Freshman guard Kyle Fogg (6-2, 175) has taken ownership of the fifth starting spot and, just as we wrote when we saw him as an unsigned senior at Brea-Olinda High, he has some considerable upside. He's a nice athlete, with good quickness, but is still developing his jumper, scoring just 5.3 points per game and shooting just 23% from three, which has hurt Arizona's backcourt scoring. Pennell will use him for his defensive quickness, even though he's prone to gambling and making mistakes.

Recently, in the last couple of games, sophomore Zane Johnson (6-5, 205) has taken more of Fogg's minutes, to try to get Arizona some more scoring punch from the outside, and it's helped, to a degree. Johnson is kind of the Arizona poor-man's version of Mike Roll – a good shooter (but not the caliber of Roll) that the Wildcats use to stretch defenses. Johnson has asserted himself more in recent games, putting the ball on floor and going to the basket, to mixed results. He's not great at creating a shot and needs some time to get it off. He's shooting 37% from three on the season, but in his last five games, with defenses now guarding him closely, he's 3 for 15 (20%).

After those six players, there are guys sitting on the bench, but they don't take off their warm-ups much.

Guard Garland Judkins (6-3, 195) has had a bit of a weird freshman season so far. He began the season as a starter, had some moments, but struggled as most freshmen would. He was then suspended for disciplinary reasons – a couple of times – and hasn't regained his starting spot. The last suspension was Saturday in Arizona's game against Oregon State, and it was done at the last minute, so it's uncertain if he'll be available for the UCLA game. Pennell called him "day-to-day." Even if he is, Pennell probably won't use him much.

Without many options, Pennell has gone to freshman Brendon Lavender (6-3, 205) a bit lately. Lavender, though, at this point is just a body to give the starters a short break.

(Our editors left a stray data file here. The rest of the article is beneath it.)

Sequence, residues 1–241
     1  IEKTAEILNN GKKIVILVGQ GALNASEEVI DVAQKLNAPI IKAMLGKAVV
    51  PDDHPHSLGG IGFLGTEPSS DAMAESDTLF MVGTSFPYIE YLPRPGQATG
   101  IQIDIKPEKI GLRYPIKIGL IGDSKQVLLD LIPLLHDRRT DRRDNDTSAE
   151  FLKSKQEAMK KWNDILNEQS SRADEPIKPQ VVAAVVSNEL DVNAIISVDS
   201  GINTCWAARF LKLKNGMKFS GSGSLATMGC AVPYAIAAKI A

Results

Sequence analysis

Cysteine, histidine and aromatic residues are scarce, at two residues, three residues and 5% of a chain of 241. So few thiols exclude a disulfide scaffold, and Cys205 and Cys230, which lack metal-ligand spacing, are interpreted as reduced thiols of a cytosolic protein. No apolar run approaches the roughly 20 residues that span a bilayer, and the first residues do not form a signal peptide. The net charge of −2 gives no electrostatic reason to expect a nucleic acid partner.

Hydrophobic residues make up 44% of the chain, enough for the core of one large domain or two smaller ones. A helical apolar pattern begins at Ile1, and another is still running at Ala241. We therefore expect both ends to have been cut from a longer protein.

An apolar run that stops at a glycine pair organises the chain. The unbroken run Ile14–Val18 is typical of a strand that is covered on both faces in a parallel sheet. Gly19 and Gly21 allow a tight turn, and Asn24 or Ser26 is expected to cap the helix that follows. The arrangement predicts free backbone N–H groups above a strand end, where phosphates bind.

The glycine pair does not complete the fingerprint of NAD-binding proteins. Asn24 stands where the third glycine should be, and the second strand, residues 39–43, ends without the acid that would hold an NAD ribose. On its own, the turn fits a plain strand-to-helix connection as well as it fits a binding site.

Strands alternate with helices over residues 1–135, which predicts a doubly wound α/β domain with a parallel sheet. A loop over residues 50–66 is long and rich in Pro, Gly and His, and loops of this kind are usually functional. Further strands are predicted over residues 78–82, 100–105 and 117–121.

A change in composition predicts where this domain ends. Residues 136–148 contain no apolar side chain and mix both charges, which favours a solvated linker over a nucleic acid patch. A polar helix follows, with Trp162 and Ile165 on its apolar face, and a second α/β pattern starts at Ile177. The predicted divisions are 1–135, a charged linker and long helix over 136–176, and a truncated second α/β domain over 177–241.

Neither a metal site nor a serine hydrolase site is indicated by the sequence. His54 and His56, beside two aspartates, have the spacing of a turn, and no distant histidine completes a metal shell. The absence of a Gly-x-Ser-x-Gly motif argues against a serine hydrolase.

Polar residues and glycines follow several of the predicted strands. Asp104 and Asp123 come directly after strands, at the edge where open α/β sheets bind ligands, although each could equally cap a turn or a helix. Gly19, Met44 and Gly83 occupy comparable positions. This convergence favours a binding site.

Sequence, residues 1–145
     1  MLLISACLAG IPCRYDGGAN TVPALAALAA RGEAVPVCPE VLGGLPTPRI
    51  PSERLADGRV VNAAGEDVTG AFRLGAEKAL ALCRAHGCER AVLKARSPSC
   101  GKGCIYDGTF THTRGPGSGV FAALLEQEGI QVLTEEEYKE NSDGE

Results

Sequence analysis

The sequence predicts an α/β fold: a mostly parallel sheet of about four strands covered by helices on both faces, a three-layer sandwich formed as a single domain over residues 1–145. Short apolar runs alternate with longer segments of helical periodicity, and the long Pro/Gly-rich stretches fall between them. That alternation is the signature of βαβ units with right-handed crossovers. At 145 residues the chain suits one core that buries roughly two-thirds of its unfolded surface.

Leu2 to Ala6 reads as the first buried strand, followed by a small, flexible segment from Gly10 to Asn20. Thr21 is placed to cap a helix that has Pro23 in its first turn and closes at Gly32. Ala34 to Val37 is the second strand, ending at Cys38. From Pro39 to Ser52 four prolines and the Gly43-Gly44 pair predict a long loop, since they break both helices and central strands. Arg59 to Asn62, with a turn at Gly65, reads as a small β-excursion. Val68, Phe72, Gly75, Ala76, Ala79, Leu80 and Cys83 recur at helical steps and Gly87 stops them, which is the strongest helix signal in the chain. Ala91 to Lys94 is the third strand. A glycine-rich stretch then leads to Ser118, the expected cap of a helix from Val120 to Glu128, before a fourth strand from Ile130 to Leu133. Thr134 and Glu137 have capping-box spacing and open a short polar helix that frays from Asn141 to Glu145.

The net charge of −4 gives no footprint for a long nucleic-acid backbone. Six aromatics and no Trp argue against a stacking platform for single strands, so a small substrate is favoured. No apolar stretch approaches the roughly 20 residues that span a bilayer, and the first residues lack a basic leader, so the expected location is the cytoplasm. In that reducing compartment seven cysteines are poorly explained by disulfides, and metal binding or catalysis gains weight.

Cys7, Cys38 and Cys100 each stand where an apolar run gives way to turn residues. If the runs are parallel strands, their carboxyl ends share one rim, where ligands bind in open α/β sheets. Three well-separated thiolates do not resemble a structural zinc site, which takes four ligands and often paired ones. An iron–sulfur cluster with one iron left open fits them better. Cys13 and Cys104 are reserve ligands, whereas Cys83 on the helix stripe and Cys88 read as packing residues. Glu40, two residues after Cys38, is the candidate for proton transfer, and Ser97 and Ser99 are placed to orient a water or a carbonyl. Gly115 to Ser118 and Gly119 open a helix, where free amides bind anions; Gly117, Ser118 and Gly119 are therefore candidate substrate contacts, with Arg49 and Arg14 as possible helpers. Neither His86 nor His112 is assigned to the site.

As with USC Sunday, Arizona has a problem in terms of the amount of minutes its starters are logging. Wise and Budinger are over 35 minutes per game and Hill is at 33, which is quite a bit for a big man. The biggest challenge is with Hill, since he's still a bit hampered by his knee and back injuries, and can get into foul trouble, but Pennell really dosn't other options. Freshman center Alex Jacobson (6-11, 253) will get 3 to 5 minutes, but Pennell will go mostly small instead, playing Horne, Budinger and Johnson at the same time. In tight games, Pennell has tightened his subbing, so you can expect Arizona to utilize just seven guys Thursday, and that leads to fatigue for the starters, which we saw was such a factor for USC when it played UCLA.

Pennell has no back-up point guard either, so in the couple of minutes he takes Wise out to give him a rest, Budinger and Johnson have primarily been the ball handlers.

It's a bit interesting, then, that Arizona likes to press, mostly in the 3/4 court. You would think they wouldn't want to 1) get their players even more fatigued and 2) risk them getting into foul trouble.

But perhaps Pennell believes it's his only way to slow up opposing offenses. His zone defense is generally pretty porous. When Johnson's on the floor, Wise is the only perimeter guy who can stay in front of his man, and he's at a disadvantage because of his size. Opposing teams with quick guys who can penetrate have been successful against Arizona's zone.

Offensively, Arizona still runs a motion, one that looks to be initiated like a 1-4 most of the time, with a series of low-post screens to try to free up shooters and get Hill to then roll off it. They are similar to recent Arizona teams in the fact that they don't get many points off assists, relying quite a bit on their players going one-on-one.

The Alfred Aboya/Jordan Hill match-up is a good one. Expect UCLA to double Hill when he catches the ball. The Bruins will probably make a concerted effort to dump the ball down low to Aboya on offense, to try to get Hill in foul trouble.

The Wildcats should be pretty fired up Thursday in Pauley, looking at a potential upset of UCLA as a season booster. UCLA has won seven straight against Arizona, but don't expect them to be over-confident, with UCLA getting fired up after reading comments from Wise about beating UCLA at Pauley this season in a recent newspaper article.

Arizona's depth and fatigue will probably be a factor. It, though, could end up being that Arizona stays in it Thursday night, but the Bruins tire out the Wildcats enough for them to get blown out by USC on Saturday.

Arizona 60